Historically, the health status of Black populations has been significantly worse than other racial/ethnic subgroups due to systematic racism, health inequities, health behaviors, and comorbid health conditions. This contributed to increased COVID-19 mortality among Long Beach Black residents in Long Beach during the height of the COVID-19 pandemic.
While Black residents make up 13% of the population, they accounted for about 14% of hospitalizations and 20% of deaths from coronavirus. Amid the COVID-19 pandemic, coupled with systemic anti-Black racism, the need for mitigation efforts in the Long Beach Black community is greater now than in prior history. This need will continue to grow, without mitigation, during future disasters or public health crises.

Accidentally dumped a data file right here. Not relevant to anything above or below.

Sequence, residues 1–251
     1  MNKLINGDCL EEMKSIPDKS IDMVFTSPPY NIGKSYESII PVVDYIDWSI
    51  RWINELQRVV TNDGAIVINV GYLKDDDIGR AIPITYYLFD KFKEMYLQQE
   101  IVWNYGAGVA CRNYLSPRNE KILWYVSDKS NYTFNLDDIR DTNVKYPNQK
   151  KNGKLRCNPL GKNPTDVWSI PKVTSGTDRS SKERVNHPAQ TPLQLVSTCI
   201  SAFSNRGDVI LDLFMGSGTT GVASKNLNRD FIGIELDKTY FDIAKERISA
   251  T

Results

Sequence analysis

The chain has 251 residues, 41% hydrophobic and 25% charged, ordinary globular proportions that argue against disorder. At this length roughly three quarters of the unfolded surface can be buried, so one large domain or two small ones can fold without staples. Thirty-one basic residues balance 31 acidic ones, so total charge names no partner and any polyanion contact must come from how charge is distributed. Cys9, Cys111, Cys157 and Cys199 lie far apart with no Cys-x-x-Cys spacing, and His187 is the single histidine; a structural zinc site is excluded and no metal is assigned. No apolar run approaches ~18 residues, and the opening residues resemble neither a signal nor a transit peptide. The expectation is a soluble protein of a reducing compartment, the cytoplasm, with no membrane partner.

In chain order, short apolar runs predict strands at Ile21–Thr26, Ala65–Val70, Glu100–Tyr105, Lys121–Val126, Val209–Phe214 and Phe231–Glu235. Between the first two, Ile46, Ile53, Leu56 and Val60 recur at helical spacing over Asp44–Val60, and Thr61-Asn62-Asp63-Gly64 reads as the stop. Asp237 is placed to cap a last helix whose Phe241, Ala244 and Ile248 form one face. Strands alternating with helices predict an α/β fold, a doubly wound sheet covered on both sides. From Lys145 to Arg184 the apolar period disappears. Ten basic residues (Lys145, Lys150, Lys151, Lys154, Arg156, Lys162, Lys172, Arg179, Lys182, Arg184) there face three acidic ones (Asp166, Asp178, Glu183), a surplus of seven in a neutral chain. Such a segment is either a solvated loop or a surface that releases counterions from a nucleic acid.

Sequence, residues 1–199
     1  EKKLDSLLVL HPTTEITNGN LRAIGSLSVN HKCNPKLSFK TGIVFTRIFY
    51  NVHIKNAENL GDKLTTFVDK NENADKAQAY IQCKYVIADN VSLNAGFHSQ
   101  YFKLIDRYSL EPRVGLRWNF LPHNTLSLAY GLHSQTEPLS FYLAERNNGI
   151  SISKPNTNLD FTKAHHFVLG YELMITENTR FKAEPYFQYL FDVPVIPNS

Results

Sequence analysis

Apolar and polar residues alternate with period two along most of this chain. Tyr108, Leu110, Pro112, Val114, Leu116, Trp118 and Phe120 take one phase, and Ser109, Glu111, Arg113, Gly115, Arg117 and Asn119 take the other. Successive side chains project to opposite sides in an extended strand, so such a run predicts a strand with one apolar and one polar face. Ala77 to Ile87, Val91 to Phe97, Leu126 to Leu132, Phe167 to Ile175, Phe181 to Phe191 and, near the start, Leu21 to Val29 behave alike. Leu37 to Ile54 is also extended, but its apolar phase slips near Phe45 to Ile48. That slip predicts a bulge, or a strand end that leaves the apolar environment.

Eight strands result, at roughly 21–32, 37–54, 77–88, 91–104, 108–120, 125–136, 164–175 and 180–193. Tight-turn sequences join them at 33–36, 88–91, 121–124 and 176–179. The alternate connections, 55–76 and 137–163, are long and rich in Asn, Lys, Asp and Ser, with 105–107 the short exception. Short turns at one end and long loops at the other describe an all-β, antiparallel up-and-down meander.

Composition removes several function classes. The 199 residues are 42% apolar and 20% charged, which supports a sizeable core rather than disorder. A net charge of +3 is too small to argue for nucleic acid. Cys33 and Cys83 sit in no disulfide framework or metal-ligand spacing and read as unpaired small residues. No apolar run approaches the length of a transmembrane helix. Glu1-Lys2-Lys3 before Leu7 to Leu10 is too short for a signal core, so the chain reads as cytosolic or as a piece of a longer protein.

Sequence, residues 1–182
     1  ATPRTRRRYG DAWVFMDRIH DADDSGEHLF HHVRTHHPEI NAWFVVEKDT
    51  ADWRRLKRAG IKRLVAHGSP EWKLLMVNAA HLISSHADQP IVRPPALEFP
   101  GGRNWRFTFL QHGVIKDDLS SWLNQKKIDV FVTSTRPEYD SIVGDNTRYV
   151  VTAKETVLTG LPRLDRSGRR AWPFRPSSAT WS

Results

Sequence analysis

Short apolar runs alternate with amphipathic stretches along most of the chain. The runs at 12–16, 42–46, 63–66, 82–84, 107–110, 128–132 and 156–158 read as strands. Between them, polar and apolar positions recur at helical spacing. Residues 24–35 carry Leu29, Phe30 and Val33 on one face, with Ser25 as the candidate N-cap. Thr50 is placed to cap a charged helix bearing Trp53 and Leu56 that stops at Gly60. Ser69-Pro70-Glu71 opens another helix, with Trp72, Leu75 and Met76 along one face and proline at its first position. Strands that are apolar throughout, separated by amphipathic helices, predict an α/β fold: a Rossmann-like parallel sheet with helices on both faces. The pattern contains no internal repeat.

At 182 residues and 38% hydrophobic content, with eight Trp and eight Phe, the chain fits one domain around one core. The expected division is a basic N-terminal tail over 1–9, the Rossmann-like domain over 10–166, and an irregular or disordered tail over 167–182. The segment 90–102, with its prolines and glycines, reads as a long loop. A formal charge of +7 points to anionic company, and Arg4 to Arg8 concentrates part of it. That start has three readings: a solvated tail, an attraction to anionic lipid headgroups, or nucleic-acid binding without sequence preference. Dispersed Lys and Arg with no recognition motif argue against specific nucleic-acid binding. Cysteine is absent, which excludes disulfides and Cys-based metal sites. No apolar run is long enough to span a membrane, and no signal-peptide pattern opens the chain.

The City of Long Beach Department of Health and Human Services partnered with Amber Johnson of California State University, Long Beach to begin developing a Black Health Equity Team to address Black Health Equity and Disparities. This partnership helped shape the Black Health Equity Fund and lay the groundwork to establish the Black Health Equity Collaborative.
Gwendolyn has served for 22 years as a preventive health leader at the City of Long Beach Department of Health and Human Services. Gwendolyn currently oversees implementation of the Black Infant Health (BIH) Program, a Sister Circle group intervention aimed at improving the birth outcomes of Black infants and mothers. Gwendolyn led the development and implementation of the Black Health Equity Fund, a million-dollar CARES Act allocation, to provide COVID-19 support services to Long Beach Black residents via grant funding for local Black-serving nonprofits and microbusinesses.